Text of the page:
Goal 2: Reduce Human Disease

Seeking the secret behind “resilience” to a variety of HLBS diseases

What is the secret behind the “resilience” some people have to heart, lung, blood, and sleep (HLBS) diseases?

Submitted by (@nhlbiforumadministrator)

Is this idea a Compelling Question (CQ) or Critical Challenge (CC)? : Compelling Question (CQ)

Details on the impact of addressing this CQ or CC :

Results of such research should reveal physiological mechanisms of resilience that could be used to develop interventions that would prevent or cure a variety of heart, lung, blood, and sleep diseases.

Feasibility and challenges of addressing this CQ or CC :

Advances in omics, clinical testing

, accumulation of large sets of clinical data and samples

, big data tools

, and increased interest from public (normal volunteers) and patients to participate in large scientific experiments make it feasible.

For instance, these may be healthy people carrying genetic mutations strongly associated with HLBS diseases (or causing rare/familial genetic diseases – these might easier to focus on first), but also people who are not hypertensive, hypercholesterolemic, or diabetic in spite of consistently making bad dietary choices, people who did not develop lung conditions in spite of high pollutant exposure, or are otherwise “protected” from other heart, lung, blood and sleep diseases. This reasoning is not very different from that used to identify ApoA Milano, or even PCSK9 or the “longevity genes”. Such information should reveal physiological mechanisms that could be leveraged to develop interventions to prevent or cure HLBS diseases.

Name of idea submitter and other team members who worked on this idea : NHLBI Staff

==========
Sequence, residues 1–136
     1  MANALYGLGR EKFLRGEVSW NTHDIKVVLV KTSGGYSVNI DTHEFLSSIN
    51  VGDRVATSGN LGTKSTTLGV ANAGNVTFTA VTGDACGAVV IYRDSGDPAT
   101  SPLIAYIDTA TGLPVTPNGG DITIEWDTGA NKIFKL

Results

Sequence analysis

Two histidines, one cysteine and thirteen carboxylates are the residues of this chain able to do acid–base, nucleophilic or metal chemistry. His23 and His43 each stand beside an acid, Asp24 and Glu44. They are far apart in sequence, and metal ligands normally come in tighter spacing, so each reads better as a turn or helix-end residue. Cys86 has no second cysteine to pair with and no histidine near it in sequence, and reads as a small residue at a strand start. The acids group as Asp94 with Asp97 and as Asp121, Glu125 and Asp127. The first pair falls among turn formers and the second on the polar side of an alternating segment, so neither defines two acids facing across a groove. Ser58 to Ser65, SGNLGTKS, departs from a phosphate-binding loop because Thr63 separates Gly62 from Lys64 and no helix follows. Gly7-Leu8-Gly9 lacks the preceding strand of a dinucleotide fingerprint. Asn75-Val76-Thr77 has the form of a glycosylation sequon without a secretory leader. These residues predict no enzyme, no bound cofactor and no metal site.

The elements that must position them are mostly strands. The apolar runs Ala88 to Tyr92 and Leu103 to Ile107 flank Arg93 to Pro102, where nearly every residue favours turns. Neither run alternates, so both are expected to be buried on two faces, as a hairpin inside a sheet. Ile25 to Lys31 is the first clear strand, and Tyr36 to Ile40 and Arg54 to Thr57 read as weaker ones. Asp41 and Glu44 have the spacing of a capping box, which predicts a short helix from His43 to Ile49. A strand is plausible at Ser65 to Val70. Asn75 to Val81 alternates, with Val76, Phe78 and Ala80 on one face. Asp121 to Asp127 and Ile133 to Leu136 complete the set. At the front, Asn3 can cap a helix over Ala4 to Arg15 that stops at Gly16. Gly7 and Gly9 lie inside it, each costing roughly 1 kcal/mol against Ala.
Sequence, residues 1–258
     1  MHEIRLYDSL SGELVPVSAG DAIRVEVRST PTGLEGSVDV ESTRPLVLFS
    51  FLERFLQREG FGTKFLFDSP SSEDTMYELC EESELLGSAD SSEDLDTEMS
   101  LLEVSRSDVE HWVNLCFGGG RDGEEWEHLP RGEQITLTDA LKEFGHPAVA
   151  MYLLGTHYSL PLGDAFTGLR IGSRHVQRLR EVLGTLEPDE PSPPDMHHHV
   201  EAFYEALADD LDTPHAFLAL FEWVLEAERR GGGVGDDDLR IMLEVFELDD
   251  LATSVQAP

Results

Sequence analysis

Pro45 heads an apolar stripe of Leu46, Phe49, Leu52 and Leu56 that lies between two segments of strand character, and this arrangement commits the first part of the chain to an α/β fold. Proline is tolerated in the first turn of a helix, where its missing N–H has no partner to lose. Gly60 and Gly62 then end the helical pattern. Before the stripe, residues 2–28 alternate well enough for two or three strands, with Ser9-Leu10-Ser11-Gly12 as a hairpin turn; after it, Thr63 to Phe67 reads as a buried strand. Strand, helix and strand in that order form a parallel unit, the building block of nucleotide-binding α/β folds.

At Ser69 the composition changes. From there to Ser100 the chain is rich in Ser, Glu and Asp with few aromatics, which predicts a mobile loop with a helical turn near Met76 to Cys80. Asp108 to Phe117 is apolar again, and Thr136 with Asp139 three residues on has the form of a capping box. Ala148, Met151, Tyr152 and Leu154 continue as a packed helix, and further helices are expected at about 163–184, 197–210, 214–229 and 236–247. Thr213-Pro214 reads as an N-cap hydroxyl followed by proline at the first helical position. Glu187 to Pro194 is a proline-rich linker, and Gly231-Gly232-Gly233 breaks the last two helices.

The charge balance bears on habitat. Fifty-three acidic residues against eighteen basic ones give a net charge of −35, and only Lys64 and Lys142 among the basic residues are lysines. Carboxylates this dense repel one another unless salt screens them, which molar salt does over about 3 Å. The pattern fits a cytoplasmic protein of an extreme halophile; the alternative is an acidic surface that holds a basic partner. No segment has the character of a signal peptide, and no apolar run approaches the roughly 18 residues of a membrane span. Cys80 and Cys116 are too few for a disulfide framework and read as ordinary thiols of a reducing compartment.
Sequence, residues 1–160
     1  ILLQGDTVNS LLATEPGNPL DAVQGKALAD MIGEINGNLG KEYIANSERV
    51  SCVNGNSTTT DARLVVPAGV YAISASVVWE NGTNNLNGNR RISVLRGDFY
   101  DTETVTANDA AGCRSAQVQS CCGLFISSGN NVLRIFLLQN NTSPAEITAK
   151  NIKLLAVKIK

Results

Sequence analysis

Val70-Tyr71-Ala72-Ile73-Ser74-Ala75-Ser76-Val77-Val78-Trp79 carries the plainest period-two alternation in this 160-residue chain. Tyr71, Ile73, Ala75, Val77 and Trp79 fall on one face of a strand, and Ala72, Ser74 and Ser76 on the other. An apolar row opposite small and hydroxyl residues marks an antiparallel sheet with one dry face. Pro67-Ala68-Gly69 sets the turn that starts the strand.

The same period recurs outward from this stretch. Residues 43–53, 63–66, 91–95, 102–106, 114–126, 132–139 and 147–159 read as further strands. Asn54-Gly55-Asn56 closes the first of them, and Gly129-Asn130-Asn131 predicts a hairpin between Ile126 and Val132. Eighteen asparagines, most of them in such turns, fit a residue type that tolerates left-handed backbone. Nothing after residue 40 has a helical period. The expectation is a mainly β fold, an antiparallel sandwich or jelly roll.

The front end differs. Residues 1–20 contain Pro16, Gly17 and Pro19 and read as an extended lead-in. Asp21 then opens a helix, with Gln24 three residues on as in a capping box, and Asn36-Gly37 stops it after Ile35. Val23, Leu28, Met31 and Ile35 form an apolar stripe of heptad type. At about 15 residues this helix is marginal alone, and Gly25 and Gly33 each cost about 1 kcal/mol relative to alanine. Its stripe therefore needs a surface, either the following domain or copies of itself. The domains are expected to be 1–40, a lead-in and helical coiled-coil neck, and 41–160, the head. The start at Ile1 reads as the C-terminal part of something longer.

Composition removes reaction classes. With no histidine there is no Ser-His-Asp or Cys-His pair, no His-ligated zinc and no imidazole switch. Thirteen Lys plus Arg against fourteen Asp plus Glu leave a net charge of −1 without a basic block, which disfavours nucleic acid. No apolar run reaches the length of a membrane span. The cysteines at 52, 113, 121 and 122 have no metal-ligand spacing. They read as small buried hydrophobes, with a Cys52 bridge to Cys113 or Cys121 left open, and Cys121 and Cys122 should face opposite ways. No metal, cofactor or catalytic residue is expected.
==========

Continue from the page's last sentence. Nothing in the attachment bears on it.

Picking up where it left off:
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19 net votes
26 up votes
7 down votes
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Goal 3: Advance Translational Research

Translating cardiac development/genetics knowledge into therapy

What is needed to translate our knowledge of cardiac development and congenital heart disease genetics into novel diagnostic and/or therapeutic strategies for congenital or acquired heart disease?

Submitted by (@nhlbiforumadministrator)

Is this idea a Compelling Question (CQ) or Critical Challenge (CC)? : Compelling Question (CQ)

Details on the impact of addressing this CQ or CC :

Develop new therapies for congenital or acquired heart disease.

Feasibility and challenges of addressing this CQ or CC :

We are poised to take advantage of the incredible advances in our understanding of cardiac development and genetics which have resulted from the development of high throughput technologies.

Name of idea submitter and other team members who worked on this idea : NHLBI Staff

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10 net votes
21 up votes
11 down votes
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Goal 2: Reduce Human Disease

Genetic risk factors for sudden cardiac death

What are the genetic risk factors for sudden cardiac death and failure to respond to CPR and defibrillation?

Submitted by (@rebecca.lehotzky)

Is this idea a Compelling Question (CQ) or Critical Challenge (CC)? : Compelling Question (CQ)

Name of idea submitter and other team members who worked on this idea : AHA Staff & Volunteers

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-2 net votes
2 up votes
4 down votes
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Goal 3: Advance Translational Research

Genetics and Genomics of Heart Disease

Identification of new genetic/genomic variants and risk genes often opens a new window to explore the fundamental molecular mechanisms underlying a disease and to develop new methods and strategies for diagnosis and treatment. Existing genomic variants and/or mutations explain only 10% to 20% heritability of common heart diseases. Much remains to be done in this important area. However, most genetic projects are discovery-driven ...more »

Submitted by (@wangq2)

Is this idea a Compelling Question (CQ) or Critical Challenge (CC)? : Critical Challenge (CC)